And then it happened. Outside of one of the temples we visited, a local entrepreneur was selling the exact t-shirt that Dad wanted for the price of only five pounds (Egypt's currency is called "pounds" just like in England). Five Egyptian pounds is only about 80 cents. Oh, you should have seen the look of ecstasy that came over Dad's face at that moment. It was like he'd just been divined the answer to every single final Jeapordy question to the end of time. He thought he had the steal of the century. His countenance did not betray even a hint of guilt as he pulled out an Egyptian five pound note; in fact, his excitement was only intensified by the knowledge that our fellow travelers had paid over 10x as much for theirs. You could tell he was already forming a triumphant narrative in his mind to tell at the buffet line that night, especially to Dennis, who had been consistently one-upping us with all his tales of adventure.

But then the unthinkable happened. As the vendor saw that the five pounds Dad had pulled out of his man-purse was, in fact, the Egyptian variety, he shook his head violently and exclaimed: "No no no no no. Five ENGLISH pounds" (over $10 American). Such a switch of emotion has probably never been witnessed before or after that moment in the whole history of human civilization. Dad's head flushed harder than an industrial toilet as he shoved the five pounds back into his extra-security traveler's man-purse and then--with a gesture that, in any language, could only mean "this relationship is over"--he put the man-purse back under an extra layer of security, his Eddie Bauer traveler's polo, made with super sweat-wicking material.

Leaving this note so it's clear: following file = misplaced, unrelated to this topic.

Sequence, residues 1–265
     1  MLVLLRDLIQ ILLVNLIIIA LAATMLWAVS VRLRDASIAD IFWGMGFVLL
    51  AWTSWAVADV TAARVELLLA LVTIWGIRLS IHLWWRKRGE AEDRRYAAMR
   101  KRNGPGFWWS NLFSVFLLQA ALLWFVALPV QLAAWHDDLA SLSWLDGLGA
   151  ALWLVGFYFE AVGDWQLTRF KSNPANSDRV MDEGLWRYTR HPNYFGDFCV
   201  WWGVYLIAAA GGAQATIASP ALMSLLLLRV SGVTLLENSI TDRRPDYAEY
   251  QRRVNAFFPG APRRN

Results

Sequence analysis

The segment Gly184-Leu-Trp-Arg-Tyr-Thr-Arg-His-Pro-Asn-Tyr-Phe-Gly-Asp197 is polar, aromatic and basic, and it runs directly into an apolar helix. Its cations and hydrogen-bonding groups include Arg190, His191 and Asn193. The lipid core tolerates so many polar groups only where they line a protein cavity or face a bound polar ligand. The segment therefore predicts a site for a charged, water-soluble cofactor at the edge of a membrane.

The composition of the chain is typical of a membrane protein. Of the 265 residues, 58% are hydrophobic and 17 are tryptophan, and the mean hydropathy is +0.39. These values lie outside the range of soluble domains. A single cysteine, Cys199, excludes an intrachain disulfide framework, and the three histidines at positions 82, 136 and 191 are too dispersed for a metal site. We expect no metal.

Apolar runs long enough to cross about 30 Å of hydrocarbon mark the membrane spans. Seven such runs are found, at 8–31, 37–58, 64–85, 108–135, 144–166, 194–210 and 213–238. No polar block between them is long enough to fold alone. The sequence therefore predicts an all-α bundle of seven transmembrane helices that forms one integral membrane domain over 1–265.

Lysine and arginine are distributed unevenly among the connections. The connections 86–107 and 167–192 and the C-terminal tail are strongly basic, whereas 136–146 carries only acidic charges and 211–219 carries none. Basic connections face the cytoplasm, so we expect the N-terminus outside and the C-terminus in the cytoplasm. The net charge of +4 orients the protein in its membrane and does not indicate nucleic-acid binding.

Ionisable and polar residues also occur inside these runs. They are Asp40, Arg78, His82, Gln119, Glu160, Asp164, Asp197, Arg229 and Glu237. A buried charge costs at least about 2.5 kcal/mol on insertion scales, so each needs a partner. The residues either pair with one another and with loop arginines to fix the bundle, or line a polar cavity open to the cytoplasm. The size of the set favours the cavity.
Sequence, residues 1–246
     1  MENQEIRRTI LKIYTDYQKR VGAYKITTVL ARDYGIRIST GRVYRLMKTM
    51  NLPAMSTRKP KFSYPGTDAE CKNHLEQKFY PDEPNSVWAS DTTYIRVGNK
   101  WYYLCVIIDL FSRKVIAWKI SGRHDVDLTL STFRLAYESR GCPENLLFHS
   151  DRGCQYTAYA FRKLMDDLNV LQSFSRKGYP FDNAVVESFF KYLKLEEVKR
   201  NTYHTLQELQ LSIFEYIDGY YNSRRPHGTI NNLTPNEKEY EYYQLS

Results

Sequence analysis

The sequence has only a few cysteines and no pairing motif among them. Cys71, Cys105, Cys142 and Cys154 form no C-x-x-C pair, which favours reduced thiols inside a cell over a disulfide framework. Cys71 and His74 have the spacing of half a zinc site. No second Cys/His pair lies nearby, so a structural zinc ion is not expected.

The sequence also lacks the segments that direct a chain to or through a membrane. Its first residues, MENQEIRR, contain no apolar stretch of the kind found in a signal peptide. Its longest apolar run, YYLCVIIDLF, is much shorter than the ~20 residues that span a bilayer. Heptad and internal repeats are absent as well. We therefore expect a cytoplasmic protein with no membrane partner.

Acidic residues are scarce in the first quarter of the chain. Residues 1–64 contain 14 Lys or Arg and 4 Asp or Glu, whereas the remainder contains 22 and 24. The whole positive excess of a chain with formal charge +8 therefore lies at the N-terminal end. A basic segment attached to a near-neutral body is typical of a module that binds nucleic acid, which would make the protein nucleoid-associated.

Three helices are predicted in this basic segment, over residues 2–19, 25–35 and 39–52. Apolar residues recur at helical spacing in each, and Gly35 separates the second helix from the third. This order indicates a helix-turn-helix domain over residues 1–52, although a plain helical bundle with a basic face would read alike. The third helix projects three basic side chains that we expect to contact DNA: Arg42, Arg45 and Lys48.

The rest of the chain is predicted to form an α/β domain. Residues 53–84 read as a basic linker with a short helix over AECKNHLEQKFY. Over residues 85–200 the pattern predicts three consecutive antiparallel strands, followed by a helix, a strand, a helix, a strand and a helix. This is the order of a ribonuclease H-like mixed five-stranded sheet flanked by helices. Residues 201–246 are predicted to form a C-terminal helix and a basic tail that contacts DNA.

But the local gentleman would not be so easily dissuaded from his sales venture. Wherever Dad went, the persistent gentleman followed right on his hip, offering final price after final price. Dad tried to say "No thanks" in the most disingenuous way possible, but that didn't work. He tried to ignore him, but that didn't work. He tried to pretend that he was browsing at a different store front, but that only increased the attention he was receiving from the local vendors. Dad sensed that his only refuge would be the bus. But as he made his way back to the parking area, he was horrified to see that a long line had already formed, and he would now have to either cut in line or showcase his negotiating tactics in front of our entire party.